Third ballot sends White to Senate
Published 10:31 am Monday, January 24, 2011
By Jonathan Clayborne
COLUMBIA — The seat of power in the 1st Senate District will remain on the coast.
The Democratic Party’s state Senate District 1 executive committee on Friday night closed ranks around a former Dare County commissioner as their choice to replace retiring Sen. Marc Basnight, D-Dare.
By the night’s end, Stan White, the former commissioner and a current member of the N.C. Board of Transportation, was selected to replace Basnight, whose resignation takes effect Tuesday.
White will be appointed by Gov. Beverly Perdue, who is bound to accept the committee’s nominee.
In the unlikely event that Perdue takes no action, White will automatically become the appointee within seven days, it was reported at Friday’s meeting.
Chris Hardee, a Democratic district chairman who presided over Friday’s meeting, said he had spoken with officials in the governor’s office, and expected White to be appointed by Tuesday.
This means the new senator will be in place when the N.C. General Assembly convenes at 12 noon Wednesday.
White will represent eight counties in the northeast – Beaufort, Camden, Currituck, Dare, Pasquotank, Tyrrell and Washington – for the next two years.
He enters the Senate as a member of the minority party in a body led by Republicans, following the end of Basnight’s record-setting run as Senate president pro tempore and top power broker.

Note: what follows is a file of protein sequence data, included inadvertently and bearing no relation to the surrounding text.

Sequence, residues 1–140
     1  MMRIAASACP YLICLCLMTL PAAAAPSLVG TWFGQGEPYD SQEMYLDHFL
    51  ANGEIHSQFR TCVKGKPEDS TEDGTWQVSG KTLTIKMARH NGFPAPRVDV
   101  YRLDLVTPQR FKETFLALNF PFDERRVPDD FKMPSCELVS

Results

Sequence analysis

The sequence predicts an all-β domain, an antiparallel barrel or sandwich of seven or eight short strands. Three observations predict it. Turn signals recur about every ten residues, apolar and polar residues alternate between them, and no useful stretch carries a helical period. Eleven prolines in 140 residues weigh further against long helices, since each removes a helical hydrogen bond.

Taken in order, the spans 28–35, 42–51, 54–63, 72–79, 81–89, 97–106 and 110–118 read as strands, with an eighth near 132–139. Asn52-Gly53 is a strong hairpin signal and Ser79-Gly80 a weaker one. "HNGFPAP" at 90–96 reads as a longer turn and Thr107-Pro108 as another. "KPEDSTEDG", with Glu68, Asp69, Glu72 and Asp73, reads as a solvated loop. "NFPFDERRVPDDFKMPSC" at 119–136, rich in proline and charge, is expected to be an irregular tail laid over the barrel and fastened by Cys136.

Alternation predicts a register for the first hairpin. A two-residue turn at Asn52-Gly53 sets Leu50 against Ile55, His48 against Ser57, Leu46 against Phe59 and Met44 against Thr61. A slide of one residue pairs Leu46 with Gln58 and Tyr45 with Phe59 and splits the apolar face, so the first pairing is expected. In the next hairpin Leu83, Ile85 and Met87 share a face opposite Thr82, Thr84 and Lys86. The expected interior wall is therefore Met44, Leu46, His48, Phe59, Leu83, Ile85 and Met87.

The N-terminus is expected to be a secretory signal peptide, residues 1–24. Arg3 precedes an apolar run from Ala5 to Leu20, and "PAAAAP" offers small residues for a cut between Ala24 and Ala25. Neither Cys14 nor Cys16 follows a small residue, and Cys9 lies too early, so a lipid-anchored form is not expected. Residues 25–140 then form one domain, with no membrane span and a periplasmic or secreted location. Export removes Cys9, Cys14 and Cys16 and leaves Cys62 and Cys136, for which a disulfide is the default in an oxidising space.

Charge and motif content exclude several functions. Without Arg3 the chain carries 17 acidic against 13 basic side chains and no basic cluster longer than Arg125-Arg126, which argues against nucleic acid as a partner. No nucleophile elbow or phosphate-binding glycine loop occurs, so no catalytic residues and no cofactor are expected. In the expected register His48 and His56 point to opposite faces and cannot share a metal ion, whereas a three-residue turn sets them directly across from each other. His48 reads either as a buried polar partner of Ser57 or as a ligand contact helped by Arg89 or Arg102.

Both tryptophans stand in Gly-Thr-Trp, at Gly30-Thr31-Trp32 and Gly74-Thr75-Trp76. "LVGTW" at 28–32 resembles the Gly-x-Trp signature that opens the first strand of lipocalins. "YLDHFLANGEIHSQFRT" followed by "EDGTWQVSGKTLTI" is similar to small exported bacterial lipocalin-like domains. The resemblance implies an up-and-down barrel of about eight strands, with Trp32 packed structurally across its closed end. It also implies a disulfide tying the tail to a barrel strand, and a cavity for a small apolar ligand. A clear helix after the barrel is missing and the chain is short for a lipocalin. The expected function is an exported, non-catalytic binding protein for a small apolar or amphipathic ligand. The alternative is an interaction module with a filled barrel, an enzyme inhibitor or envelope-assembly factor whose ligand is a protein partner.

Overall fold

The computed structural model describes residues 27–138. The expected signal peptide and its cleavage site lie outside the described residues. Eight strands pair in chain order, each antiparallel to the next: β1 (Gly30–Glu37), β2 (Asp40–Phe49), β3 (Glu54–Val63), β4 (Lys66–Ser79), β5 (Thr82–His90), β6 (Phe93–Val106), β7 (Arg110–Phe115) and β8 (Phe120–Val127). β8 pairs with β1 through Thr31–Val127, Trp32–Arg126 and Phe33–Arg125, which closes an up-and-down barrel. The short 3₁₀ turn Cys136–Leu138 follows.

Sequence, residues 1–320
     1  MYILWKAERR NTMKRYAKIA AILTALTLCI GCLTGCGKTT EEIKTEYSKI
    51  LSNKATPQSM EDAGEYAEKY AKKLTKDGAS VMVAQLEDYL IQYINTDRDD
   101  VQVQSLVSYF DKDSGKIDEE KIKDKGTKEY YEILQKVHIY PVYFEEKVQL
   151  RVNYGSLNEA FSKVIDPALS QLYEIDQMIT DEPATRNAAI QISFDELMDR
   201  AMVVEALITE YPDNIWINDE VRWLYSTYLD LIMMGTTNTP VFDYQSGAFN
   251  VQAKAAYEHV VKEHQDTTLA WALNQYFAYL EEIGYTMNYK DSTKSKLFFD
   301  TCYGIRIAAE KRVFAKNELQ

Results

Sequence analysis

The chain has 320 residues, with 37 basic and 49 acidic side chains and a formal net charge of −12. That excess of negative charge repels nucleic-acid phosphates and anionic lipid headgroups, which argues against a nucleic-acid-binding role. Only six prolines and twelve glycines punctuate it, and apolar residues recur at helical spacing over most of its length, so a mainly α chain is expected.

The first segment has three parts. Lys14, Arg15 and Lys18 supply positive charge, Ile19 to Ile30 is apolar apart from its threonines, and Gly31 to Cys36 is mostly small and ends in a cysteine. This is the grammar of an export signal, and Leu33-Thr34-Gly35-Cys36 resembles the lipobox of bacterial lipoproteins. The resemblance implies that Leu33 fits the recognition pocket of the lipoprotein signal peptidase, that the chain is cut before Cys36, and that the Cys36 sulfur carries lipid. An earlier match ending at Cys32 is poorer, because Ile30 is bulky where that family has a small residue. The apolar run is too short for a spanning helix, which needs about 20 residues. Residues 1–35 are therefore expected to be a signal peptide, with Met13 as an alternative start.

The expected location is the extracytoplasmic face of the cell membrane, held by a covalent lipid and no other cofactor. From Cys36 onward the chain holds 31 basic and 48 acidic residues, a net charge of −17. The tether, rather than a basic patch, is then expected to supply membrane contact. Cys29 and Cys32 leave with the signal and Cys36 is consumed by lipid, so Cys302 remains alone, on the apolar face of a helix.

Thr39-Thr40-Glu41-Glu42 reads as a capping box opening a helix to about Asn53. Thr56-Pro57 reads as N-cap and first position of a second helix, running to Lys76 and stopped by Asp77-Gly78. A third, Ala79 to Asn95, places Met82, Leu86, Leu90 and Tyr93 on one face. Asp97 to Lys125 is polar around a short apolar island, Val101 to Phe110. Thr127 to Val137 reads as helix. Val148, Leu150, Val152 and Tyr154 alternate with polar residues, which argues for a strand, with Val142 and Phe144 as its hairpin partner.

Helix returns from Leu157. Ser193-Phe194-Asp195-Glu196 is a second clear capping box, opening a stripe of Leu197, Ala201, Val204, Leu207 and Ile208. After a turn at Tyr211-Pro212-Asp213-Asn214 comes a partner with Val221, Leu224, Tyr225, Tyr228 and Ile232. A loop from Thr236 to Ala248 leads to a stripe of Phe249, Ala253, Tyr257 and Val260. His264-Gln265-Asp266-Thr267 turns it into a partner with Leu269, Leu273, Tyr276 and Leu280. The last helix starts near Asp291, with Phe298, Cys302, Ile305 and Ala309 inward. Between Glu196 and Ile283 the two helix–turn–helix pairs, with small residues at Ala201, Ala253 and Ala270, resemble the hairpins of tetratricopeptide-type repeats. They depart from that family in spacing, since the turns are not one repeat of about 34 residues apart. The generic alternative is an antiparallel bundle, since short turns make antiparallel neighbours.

White, a Nags Head businessman who has never held a legislative office, won a clear majority of the district committee’s support on the third ballot in the session at Tyrrell Hall.
After his acceptance speech, White was immediately besieged by well-wishers and media in the packed room, with some of the audience members offering to assist the senator-to-be immediately as he works to get up to speed in Raleigh.
“I can’t tell you how much I appreciate this, I can’t tell you what an honor it is,” White told a crowd that included State Auditor Beth Wood and a host of area mayors, county commissioners, other officials and unofficial onlookers.
“I can’t tell you what a responsibility I think has been placed on my shoulders,” he said. “So all I want to say is thank you.”
He added, “As I’ve done with my DOT job, I meet with elected officials at least once a year to try to find out … what’s going on in your communities and what I can do to help you. And I promise you with your help we’ll figure out some sort of system where we can stay in touch on a regular basis.”
White continued, saying “it’s important, as was mentioned on numerous occasions, that we work together, we stick together, because certainly we have our work cut out for us to be ready for this 2012 election.”
In a brief interview, White told the Washington Daily News he hadn’t had a chance to assess the district’s legislative priorities.
“I’ll be honest with you, I haven’t gone that far yet,” he commented. “Certainly I’ve got to learn who the other senators are, some of the goals and priorities. But I’ve got to really get a handle on this district to find out what it is that they think they need, what are some of the issues that they think are most important to them right now. I think I know, but I’ve got to have a lot of input and a lot of help.”